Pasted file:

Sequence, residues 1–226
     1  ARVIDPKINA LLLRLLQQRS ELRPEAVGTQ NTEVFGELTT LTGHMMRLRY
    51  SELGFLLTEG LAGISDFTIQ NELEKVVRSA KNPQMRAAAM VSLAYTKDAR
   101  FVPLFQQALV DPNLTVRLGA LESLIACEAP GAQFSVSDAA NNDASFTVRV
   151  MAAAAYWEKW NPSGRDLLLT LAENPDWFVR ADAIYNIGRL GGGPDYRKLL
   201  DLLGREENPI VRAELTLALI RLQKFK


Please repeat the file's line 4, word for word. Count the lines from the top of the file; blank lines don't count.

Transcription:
   101  FVPLFQQALV DPNLTVRLGA LESLIACEAP GAQFSVSDAA NNDASFTVRV